Gov. J.B. Pritzker has cracked open the door to new futures in nuclear energy by lifting Illinois' longstanding moratorium on the construction of new nuclear power plants—a move set to take effect on June 1, 2024. This strategic pivot inked into law on Friday, courts innovation via small modular reactors (SMRs), which promise cleaner energy but have sparked a voltaic divide among lawmakers and experts alike.
The move, a delicate political maneuver, seeks to simultaneously embrace modern nuclear technology while placing a strict size cap on new reactors. Endorsed by both Republicans and Democrats, the bill to allow SMRs carries a notable limit—a nameplate capacity that doesn't exceed 300 megawatts—and stipulates a study to inform regulations, aiming to firmly establish Illinois in the low-carbon future. However, as WTTW reports, the new law doesn't guarantee any rapid deployment of reactors, with the earliest possible projects materializing in the 2030s due to federal permit requirements.
According to the Chicago Tribune, Pritzker's decision marks the state's renewed interest in nuclear as a key player in the carbon-free energy game. This comes despite some environmentalists' concerns that this focus could detract from the development of renewable energy sources and invest in what they view as costly and unproven technology.
Detractors of the new law, like David Kraft from the Nuclear Energy Information Service, worry openly about the untested nature of SMRs in the United States. Kraft's critical voice resonates with those who are wary to not just swiftly pivot but to precisely look before leaping at novel nuclear technologies. Meanwhile, some industry players, such as Constellation Energy—currently operating 11 nuclear reactors in Illinois—expressed a lukewarm response, stating they "have no plans to build new nuclear plants in Illinois" as per the Tribune.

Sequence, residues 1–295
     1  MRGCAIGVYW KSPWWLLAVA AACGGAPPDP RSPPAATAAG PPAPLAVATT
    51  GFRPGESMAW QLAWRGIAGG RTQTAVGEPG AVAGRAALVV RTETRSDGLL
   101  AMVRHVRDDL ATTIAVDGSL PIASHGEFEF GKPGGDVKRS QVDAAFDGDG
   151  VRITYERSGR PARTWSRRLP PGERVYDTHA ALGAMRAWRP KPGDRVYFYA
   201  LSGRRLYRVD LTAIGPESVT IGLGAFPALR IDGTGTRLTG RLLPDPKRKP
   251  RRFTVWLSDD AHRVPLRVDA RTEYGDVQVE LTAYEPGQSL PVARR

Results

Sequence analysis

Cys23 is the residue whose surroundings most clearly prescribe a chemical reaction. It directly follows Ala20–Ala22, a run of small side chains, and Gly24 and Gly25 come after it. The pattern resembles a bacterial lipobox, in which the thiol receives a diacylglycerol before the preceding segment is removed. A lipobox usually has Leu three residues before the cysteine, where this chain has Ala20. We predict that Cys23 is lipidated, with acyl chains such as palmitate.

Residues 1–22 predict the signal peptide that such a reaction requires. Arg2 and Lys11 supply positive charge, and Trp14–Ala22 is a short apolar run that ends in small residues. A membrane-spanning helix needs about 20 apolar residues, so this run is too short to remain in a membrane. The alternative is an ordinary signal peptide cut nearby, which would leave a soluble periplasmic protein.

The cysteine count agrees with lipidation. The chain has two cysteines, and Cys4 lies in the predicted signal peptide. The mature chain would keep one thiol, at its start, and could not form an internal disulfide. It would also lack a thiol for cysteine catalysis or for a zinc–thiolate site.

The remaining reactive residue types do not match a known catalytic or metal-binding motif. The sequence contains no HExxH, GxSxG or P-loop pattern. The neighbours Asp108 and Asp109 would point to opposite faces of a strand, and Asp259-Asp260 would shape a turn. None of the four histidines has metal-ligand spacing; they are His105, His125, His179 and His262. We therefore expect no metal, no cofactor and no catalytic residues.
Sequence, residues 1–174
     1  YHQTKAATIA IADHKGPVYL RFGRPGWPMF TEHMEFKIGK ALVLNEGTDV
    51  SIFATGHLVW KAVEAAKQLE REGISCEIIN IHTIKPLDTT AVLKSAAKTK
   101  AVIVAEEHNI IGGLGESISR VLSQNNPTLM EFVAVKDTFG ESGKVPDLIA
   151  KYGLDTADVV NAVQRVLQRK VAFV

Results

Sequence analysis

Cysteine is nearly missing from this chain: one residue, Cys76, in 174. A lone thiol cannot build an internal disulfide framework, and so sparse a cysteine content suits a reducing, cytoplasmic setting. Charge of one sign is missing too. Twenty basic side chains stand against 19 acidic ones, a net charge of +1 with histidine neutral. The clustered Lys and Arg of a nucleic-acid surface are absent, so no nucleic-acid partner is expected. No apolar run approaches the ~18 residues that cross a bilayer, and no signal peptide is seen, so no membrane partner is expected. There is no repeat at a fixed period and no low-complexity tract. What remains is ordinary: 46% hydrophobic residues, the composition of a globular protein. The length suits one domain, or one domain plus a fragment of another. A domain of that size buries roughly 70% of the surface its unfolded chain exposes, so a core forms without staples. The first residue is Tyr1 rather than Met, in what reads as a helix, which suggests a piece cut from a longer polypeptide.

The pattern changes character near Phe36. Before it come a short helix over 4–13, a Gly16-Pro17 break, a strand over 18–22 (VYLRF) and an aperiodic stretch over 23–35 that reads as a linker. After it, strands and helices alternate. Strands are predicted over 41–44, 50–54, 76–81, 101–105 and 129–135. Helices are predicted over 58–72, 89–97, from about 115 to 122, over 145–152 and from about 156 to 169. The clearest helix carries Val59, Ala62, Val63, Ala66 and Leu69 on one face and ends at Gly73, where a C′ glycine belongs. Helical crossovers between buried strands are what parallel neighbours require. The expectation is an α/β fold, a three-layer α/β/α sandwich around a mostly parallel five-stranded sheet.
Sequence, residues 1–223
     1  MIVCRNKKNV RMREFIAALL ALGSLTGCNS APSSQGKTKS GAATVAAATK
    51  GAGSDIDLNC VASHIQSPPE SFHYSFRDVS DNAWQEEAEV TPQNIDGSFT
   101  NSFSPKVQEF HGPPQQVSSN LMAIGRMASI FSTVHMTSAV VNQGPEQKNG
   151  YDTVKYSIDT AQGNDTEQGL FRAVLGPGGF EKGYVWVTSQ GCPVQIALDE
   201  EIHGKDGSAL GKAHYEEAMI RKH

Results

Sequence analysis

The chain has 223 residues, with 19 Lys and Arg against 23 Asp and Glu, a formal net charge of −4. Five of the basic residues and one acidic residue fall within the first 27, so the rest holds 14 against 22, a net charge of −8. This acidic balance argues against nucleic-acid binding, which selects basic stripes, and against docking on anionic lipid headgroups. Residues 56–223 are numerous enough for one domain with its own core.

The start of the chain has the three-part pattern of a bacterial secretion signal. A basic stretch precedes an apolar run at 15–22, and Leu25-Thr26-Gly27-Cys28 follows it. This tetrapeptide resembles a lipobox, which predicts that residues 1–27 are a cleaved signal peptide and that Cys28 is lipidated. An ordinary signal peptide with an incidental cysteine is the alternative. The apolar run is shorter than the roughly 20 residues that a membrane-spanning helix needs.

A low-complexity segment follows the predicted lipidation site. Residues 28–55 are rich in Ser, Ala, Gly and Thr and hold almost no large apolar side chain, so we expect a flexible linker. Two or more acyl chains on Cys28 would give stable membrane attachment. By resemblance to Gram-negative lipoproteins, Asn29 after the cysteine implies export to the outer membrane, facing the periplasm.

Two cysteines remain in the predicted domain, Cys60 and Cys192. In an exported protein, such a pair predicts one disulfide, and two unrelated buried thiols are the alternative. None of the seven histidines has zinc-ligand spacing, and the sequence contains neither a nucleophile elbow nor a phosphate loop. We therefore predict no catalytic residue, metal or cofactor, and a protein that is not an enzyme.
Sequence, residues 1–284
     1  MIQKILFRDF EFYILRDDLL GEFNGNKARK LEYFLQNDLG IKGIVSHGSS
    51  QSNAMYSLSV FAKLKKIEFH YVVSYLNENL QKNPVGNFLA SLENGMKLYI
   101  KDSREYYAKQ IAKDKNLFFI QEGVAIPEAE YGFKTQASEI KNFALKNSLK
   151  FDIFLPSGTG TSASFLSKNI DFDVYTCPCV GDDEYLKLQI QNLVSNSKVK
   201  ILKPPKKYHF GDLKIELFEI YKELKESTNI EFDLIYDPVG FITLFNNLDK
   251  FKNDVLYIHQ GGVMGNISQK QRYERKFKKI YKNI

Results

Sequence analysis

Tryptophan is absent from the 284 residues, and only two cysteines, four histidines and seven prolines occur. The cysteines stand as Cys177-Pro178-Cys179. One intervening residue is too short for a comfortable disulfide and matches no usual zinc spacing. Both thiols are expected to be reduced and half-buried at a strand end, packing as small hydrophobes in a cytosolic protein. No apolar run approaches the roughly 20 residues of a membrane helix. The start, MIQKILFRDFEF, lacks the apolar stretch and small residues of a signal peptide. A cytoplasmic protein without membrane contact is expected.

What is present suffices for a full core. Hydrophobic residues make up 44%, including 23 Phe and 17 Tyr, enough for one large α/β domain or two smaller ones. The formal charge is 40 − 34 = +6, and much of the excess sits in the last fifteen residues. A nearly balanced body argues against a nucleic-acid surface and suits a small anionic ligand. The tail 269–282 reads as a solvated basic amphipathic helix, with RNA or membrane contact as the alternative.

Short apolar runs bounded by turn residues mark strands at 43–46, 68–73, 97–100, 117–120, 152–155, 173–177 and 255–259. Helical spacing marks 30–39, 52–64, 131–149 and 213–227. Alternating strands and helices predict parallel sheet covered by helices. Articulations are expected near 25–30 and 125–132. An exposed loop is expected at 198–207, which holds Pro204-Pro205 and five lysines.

The bipartisan support that thrust the bill into law also showcased state Sen. Robert Martwick's hand in pension reform for Chicago police. The new legislation, which Pritzker signed alongside the nuclear bill, aims to put cops' pensions on par with firefighters', ironing out disparities and scrapping a 30% cap on lifetime increases. As local leaders applaud, the city's balance books brace for a multi-million dollar impact. This development suggests Illinois is charting a path both industrious and judicious—or so the hopes of the Pritzker administration.